Focused grooming networks and stress alleviation in wild female baboons

Roman Martin Wittig, Catherine Crockford, Julia Lehmann, Patricia L. Whitten, Robert M. Seyfarth, Dorothy L. Cheney

Research output: Contribution to journalArticlepeer-review

178 Citations (Scopus)

Abstract

We examine the relationship between glucocorticoid (GC) levels and grooming behavior in wild female baboons during a period of instability in the alpha male rank position. All females' GC levels rose significantly at the onset of the unstable period, though levels in females who were at lower risk of infanticide began to decrease sooner in the following weeks. Three factors suggest that females relied on a focused grooming network as a coping mechanism to alleviate stress. First, all females' grooming networks became less diverse in the weeks following the initial upheaval. Second, females whose grooming had already focused on a few predictable partners showed a less dramatic rise in GC levels than females whose grooming network had been more diverse. Third, females who contracted their grooming network the most experienced a greater decrease in GC levels in the following week. We conclude that close bonds with a few preferred partners allow female baboons to alleviate the stress associated with social instability. (C) 2008 Elsevier Inc. All rights reserved.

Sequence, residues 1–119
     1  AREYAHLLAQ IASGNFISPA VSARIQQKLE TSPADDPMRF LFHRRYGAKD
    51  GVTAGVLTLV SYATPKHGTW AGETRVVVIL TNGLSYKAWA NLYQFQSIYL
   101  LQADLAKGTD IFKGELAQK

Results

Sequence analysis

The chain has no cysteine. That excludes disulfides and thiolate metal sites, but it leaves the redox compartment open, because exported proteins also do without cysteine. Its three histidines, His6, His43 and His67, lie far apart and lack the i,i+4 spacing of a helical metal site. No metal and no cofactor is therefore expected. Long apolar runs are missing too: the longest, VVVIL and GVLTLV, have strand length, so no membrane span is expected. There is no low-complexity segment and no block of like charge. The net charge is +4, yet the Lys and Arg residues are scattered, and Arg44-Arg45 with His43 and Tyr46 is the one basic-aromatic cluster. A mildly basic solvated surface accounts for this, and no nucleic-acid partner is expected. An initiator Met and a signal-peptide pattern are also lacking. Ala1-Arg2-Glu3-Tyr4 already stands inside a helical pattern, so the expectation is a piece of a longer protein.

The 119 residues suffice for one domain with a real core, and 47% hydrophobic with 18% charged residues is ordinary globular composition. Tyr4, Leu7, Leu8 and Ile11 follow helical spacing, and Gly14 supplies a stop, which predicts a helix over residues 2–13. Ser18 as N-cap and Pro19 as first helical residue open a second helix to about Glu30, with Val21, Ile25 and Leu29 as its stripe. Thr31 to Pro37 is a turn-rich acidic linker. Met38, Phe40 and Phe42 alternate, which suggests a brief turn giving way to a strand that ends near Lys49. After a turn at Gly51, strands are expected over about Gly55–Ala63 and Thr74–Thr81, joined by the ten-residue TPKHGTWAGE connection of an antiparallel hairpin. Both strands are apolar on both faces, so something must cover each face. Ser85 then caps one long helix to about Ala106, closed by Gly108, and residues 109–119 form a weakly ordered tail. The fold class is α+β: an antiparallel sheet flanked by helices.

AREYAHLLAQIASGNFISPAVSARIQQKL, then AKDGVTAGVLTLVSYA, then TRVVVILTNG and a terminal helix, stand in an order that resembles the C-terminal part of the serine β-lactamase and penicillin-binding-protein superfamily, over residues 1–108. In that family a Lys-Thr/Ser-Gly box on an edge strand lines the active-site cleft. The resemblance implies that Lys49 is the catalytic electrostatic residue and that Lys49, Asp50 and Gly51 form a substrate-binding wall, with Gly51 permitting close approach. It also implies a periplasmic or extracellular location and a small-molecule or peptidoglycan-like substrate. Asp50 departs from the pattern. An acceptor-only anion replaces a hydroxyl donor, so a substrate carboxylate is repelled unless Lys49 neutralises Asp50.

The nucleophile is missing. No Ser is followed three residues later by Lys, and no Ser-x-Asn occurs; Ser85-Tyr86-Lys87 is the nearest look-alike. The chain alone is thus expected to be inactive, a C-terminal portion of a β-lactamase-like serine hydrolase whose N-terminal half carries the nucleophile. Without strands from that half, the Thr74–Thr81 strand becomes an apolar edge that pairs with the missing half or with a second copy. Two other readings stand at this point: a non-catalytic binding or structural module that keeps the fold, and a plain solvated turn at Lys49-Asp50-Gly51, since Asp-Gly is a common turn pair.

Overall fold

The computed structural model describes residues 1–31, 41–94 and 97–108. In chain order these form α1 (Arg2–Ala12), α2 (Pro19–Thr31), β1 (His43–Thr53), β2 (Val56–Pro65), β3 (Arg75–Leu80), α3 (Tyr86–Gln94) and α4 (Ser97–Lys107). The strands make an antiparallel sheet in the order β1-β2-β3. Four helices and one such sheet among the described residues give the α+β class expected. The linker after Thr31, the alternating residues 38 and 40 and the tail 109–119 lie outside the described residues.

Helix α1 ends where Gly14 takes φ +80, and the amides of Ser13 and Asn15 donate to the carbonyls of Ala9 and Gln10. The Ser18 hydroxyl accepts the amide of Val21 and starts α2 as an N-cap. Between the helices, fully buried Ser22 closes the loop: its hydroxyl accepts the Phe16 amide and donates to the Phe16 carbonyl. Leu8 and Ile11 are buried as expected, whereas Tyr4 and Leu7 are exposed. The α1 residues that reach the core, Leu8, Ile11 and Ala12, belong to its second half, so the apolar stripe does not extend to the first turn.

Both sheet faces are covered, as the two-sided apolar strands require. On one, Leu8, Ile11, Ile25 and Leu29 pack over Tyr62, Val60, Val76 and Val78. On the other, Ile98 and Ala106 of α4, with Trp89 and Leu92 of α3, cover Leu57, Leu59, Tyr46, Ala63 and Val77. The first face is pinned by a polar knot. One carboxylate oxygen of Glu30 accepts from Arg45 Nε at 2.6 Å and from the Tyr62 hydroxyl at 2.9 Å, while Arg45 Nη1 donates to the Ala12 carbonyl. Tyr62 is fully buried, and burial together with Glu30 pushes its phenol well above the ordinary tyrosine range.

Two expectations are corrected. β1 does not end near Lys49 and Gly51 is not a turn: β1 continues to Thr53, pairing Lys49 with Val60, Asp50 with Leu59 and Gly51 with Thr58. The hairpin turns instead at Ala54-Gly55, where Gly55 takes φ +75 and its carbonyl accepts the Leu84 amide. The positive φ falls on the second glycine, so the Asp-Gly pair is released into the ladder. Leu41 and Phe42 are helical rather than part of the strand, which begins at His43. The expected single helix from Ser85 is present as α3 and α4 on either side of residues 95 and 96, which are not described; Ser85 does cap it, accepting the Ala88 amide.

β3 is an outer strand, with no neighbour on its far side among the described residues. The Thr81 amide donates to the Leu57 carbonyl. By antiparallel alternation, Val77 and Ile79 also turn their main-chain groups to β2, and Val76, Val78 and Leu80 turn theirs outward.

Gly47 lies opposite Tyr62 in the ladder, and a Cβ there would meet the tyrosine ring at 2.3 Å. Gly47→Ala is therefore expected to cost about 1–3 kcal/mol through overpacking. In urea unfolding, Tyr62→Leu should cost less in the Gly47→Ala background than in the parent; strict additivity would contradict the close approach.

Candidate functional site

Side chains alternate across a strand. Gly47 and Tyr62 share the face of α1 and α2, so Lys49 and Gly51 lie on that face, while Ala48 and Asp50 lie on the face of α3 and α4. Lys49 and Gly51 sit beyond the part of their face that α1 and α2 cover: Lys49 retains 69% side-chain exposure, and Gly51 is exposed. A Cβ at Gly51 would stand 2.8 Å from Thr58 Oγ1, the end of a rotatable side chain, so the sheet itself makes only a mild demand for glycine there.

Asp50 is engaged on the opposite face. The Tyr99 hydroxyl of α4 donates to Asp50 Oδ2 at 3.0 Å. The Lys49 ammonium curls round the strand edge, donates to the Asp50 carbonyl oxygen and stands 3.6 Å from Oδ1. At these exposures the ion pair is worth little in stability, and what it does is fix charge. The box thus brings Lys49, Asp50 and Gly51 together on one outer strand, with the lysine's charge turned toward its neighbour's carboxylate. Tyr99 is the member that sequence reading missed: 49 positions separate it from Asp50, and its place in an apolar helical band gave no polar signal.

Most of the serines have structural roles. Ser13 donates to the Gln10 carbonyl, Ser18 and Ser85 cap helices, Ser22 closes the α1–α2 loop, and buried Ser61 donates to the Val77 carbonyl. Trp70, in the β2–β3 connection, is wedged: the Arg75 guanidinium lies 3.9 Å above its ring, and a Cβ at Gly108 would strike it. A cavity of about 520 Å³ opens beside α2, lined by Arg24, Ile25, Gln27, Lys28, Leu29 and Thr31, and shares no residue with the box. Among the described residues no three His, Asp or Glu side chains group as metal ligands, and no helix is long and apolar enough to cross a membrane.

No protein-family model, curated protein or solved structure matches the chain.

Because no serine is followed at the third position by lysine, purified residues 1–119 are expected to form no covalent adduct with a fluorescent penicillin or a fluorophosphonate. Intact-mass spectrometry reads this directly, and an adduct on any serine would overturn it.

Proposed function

Original languageEnglish
Pages (from-to)170-177
Number of pages8
JournalHormones and Behavior
Volume54
Issue number1
DOIs
Publication statusPublished - Jun 2008

Keywords

  • female baboons
  • coping mechanism
  • social stressors
  • fecal glucocorticoids
  • grooming
  • affiliation
  • social instability
  • PAPIO-HAMADRYAS-URSINUS
  • CHACMA BABOONS
  • RHESUS-MONKEYS
  • SOCIOEMOTIONAL SELECTIVITY
  • SOCIAL RELATIONSHIPS
  • MACACA-MULATTA
  • MOREMI RESERVE
  • RESPONSES
  • SUPPORT
  • CYNOCEPHALUS

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